Croissants, scones, donuts, muffins, rugelach...they want to be your friends. They want you to get up and at 'em. To get that worm. To fulfill all sorts of morning-related proverbs and phrases.
I found this rugelach recipe on a sweet little blog called Dana Treat. The recipe comes from Holly B's Bakery in Lopez Island, WA. It's simple, versatile and the rugelach look really cute when piled on a plate.
Here's what you'll need:
1/2 cup (1 stick) of butter
4 ounces cream cheese
7 tablespoons sugar
1/4 teaspoon vanilla
1 cup flour
1/3 cup of jam (pick a flavor, any flavor)
6 tablespoons raisins
6 tablespoons nuts (walnuts, almonds, pecans - any will work)
6 tablespoons brown sugar
3/4 teaspoon cinnamon
Using a mixer, cream the butter until smooth.
Add the cream cheese and stir until combined.
Mix in 1 tablespoon of sugar
and the vanilla.
Gradually stir in flour.
Action shot! (announcing it makes the blurriness seem intentional.)
Try not to overmix it, mmkay?
Turn the dough out onto a sheet of plastic wrap (Press 'n Seal is such a great invention) and loosely wrap it.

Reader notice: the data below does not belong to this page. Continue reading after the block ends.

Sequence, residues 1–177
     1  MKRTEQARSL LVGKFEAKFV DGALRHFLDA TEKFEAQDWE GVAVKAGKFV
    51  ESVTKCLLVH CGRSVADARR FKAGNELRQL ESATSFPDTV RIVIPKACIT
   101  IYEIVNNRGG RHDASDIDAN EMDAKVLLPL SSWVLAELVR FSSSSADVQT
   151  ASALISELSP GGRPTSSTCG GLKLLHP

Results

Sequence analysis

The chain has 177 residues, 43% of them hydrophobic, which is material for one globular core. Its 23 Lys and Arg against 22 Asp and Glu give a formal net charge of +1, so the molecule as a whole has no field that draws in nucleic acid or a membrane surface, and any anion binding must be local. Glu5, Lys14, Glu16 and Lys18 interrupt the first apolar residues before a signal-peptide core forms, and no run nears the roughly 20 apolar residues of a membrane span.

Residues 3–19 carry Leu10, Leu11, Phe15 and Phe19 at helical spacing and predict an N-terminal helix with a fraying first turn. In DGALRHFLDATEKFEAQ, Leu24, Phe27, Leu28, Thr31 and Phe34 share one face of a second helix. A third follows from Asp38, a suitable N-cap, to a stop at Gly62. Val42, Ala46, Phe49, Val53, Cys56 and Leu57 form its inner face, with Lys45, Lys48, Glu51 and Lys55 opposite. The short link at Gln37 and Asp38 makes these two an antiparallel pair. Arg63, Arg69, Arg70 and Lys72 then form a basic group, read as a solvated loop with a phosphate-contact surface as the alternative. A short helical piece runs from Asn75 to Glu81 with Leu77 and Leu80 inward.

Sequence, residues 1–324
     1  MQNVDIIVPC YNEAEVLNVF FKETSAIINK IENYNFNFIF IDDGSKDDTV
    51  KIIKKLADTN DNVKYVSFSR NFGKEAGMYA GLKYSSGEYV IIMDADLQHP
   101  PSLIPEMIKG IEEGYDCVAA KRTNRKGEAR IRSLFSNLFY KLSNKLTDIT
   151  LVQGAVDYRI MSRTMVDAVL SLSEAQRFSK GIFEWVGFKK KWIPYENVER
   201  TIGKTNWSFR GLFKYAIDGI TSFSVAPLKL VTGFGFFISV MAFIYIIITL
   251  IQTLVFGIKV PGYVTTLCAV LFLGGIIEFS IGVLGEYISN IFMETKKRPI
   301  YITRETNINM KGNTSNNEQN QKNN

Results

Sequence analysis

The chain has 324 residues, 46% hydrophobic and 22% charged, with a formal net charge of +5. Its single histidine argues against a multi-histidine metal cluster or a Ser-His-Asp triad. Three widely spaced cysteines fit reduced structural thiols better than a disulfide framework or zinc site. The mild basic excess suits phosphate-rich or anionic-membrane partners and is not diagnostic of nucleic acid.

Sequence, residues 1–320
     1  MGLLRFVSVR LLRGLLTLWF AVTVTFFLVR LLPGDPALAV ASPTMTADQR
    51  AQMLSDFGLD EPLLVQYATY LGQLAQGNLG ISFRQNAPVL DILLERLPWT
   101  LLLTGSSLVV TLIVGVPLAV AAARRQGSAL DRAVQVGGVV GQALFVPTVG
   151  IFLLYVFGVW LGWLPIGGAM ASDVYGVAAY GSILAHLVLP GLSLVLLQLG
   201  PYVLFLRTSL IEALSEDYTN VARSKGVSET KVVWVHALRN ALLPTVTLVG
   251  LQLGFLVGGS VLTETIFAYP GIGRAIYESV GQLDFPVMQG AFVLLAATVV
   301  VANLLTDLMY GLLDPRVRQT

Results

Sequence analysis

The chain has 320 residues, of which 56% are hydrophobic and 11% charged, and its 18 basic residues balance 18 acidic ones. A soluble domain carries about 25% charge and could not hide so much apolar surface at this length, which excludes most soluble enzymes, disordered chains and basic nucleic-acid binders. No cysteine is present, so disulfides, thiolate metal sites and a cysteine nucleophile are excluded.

Shape the dough into a disk until it's about 6 inches across and 1 inch thick. Let it chill in the fridge for 3-4 hours (overnight would be fine, too.)
Preheat that big, ol' inferno of love to 375 degrees. Line a baking sheet or two with parchment paper.
Unwrap the dough and place it on a lightly floured surface.
Mike. Take off my slippers.
Anyway, roll it into an 18 inch circle about 1/8 inch thick, making sure that both sides of the dough are floured as you go.
I'm circularly challenged so I use one of these:
Such a cheetah.
Spread the jam (I used blackberry) over the dough up to the edges of the circle.
Combine the raisins (I didn't have these on hand so I omitted them), nuts, brown sugar, cinnamon and remaining 6 tablespoons of sugar in a bowl. Sprinkle the mixture evenly over the jam.
Use a pizza cutter or a sharp knife to cut the dough into 16-20 wedges.
I suddenly have "That's Amore" stuck in my head.
Starting at the wide base of the wedge, roll up each slice of dough so that it looks like a miniature croissant. Place the pastries 1 inch apart on the baking sheet.
Bake for 10 minutes, rotate pan, then bake for another 5-10 minutes until they're golden brown.
Using a spatula or two forks, transfer the rugelach to a wire rack to cool.
Like I mentioned earlier, the great thing about rugelach is their versatility. You can make them sweet or savory and can fill them with pretty much anything: dried fruit, chocolate, herbs, crumbly cheese, cured meats...I mean, anything.
And yes, they really do look cute when piled on a plate.
Heeeeey there, morning. I see you. And I'm ready for you.
Folgers had it all wrong.
This is the best part of waking up.Tweet